The Emerald Jewel

…and then there was one. Now it’s just me until I reach Minneapolis in a week. Benefits and drawbacks.

Yesterday and then this morning I made the long, surprisingly long, trip from Berkeley to Seattle. I’ve never really been to the Pacific Northwest before, so this is a region that exists mostly in myth for me. In no particular order: Clyde the Glide, Shawn Kemp, Ken Kesey’s Sometimes a Great Notion (which, I was thinking, is something like Absalom, Absalom!, and then I was wondering who would win, Sutpens vs Stampers), The Decembrists, Jimi Hendrix, and, most of all, Nirvana.

I’m here in the home of my not-quite-stepbrother Ian, and his wife, Marita. (Ian’s father has been the partner, but not husband, of my mom for the last 15 years.) It’s a pretty wonderful home that they share with Marita’s younger sister, Marita’s older sister, her husband, their three-month old baby, and two dogs. Marita’s pregnant too. Also here right now is Marita’s best friend, visiting from South Korea, and tomorrow her mom’s arriving from Hawaii. Teeming with life.

I played with Ian’s team, TAG (Tongue In Groove), in their league ultimate frisbee game. Now, I know how to throw a frisbee just, fine, okay, but I’ve never played ultimate before. I figured I’d be okay. I’m athletic. I go to the gym sometimes. I know how to throw “the disc.”

Turns out not so much. We got beat pretty solidly by Gengis Khan Wild, 15-8 I think. Those boys can play. They work together, they’re fast, they’re athletic. They play that short game to perfection. They’re going places in this here second division. TAG didn’t play to its full abilities due to the absence of some key pieces, but I fear that I bear more than my share of blame for our loss.

First of all, this game is tiring. All this running back and forth, stopping and starting. And no beer halftimes! No physical contact either. More importantly, frisbees don’t move like balls, basketballs, soccer balls, baseballs. You’re used to looking up in the air for a millisecond and seeing this thing and then you instinctually know where it’s going. Except it doesn’t.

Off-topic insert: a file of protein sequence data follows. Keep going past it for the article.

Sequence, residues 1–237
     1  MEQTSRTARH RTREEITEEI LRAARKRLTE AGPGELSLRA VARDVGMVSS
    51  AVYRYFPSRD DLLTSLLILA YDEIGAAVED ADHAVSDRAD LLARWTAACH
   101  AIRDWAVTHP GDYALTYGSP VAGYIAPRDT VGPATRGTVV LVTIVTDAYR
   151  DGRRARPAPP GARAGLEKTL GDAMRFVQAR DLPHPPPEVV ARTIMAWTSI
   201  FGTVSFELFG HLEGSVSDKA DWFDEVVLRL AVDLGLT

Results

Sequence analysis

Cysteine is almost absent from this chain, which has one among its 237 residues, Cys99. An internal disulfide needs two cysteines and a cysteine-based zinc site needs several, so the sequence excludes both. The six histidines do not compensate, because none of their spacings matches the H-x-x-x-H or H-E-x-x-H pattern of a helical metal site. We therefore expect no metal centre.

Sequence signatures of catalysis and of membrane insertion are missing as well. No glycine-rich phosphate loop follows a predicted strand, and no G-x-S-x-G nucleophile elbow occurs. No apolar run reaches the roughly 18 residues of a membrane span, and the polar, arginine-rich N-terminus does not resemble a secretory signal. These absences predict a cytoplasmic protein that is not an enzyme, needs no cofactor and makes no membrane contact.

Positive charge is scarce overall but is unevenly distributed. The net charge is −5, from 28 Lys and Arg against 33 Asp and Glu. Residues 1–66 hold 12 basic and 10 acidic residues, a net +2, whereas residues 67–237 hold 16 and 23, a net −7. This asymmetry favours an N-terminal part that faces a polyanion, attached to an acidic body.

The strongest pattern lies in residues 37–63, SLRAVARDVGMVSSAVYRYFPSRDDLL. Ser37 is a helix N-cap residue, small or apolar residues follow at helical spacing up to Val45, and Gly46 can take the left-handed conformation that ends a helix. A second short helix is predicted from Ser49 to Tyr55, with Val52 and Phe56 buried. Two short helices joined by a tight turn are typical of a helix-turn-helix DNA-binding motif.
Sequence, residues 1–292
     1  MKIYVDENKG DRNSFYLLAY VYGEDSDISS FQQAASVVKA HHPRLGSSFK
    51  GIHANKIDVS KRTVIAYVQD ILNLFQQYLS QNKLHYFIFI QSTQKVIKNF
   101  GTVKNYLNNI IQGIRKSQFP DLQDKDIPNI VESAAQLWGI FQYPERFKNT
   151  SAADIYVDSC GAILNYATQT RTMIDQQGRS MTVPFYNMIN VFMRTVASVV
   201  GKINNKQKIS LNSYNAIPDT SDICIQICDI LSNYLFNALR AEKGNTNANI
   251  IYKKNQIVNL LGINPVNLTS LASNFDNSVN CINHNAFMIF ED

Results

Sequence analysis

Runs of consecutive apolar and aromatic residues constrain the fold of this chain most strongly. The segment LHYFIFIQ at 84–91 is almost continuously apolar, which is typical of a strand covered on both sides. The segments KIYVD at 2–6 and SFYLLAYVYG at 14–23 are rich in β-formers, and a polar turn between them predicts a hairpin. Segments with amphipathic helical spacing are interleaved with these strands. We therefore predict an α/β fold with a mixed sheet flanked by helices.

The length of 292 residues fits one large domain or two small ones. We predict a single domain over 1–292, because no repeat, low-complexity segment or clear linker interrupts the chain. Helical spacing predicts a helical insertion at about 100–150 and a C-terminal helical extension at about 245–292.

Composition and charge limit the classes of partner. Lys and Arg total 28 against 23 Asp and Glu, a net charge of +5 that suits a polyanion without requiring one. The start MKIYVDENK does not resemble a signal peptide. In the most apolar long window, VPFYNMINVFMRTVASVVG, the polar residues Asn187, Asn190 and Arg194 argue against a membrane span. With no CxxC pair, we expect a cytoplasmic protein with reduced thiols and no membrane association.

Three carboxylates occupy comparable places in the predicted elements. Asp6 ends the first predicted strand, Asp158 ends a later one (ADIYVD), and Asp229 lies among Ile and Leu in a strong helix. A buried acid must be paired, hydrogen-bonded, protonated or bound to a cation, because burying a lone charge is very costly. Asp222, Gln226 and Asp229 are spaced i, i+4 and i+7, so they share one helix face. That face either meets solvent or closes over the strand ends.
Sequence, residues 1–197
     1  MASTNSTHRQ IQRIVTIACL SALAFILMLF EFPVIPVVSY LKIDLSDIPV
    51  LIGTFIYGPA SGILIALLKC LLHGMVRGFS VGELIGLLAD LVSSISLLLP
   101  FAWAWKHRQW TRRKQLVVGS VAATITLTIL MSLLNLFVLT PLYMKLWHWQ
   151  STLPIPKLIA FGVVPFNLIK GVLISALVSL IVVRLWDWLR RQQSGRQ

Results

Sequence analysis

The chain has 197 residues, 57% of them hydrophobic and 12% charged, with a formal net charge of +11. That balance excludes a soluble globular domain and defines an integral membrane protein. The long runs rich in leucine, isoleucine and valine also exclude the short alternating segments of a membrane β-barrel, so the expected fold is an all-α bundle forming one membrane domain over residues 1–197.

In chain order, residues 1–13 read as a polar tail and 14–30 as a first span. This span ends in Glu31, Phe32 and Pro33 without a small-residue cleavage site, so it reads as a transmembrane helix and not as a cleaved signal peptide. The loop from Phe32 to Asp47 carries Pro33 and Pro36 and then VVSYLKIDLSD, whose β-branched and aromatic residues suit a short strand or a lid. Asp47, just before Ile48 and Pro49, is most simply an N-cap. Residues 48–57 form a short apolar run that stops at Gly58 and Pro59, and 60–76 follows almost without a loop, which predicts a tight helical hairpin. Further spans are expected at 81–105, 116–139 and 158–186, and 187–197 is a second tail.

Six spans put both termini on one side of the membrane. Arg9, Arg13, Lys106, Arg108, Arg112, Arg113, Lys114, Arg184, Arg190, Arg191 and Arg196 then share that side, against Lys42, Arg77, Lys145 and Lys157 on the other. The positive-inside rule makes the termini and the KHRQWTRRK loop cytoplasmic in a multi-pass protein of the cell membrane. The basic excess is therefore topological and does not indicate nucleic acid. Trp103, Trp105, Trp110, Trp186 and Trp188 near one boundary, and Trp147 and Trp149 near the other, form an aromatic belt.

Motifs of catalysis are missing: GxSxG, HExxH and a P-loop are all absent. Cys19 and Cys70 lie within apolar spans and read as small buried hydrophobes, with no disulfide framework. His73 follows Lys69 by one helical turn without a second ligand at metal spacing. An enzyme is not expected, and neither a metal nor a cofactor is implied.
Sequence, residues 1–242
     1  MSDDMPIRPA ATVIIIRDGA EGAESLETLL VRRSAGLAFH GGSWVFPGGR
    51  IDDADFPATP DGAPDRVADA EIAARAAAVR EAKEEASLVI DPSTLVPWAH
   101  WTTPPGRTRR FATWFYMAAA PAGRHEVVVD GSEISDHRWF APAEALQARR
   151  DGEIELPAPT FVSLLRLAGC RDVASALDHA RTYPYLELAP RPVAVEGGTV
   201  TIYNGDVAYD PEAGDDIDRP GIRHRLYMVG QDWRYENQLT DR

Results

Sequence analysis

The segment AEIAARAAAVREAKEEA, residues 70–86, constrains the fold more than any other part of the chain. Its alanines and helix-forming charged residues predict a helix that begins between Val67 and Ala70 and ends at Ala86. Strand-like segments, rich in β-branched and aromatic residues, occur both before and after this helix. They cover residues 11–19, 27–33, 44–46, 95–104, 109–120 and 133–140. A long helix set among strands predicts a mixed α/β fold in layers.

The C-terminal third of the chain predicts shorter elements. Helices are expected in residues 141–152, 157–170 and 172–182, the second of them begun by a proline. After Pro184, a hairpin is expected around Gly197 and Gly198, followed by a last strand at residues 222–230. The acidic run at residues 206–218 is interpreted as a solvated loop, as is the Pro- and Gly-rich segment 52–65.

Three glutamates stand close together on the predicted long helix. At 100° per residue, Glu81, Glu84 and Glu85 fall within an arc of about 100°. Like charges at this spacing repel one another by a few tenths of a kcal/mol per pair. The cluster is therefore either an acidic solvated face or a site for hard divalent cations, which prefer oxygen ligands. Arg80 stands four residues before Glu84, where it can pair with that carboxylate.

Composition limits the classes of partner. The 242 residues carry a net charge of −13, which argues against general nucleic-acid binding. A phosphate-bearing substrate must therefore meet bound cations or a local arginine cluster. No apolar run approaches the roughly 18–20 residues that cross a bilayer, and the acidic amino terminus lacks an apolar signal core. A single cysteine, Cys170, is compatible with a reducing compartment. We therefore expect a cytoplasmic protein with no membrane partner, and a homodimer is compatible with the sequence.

So whenever I’d get the deep throw or try to defend it, I would expect the frisbee to come down a few seconds before it did. Which meant, twice, that not only did I jump up, come down, and then jump up again, but that I forgot to check who was in front of me. Each time I knocked over multiple people, including Ian, my own teammate. It was pretty funny. People were laughing.  After the game, when both teams were forming a snake to say “Good game,” which I haven’t done in a long time and in no way approve of — the opponent is an enemy that must be dominated, psychologically and physically, at every opportonity — I said, “Sorry for running you over,” and the enemy just smiled.  They understood that I was a neophyte.

While looking for that last picture, I found this one and thought it was worth posting:


Song of the Day: The Man Who Sold the World, by Nirvana. One of my favorite Bowie songs, off of Nirvana’s Unplugged album.  This song would make a great movie, but it would be ruined by the casting of Keanu Reeves.  See sidebar.

Published in: on July 18, 2007 at 6:12 am  Leave a Comment  

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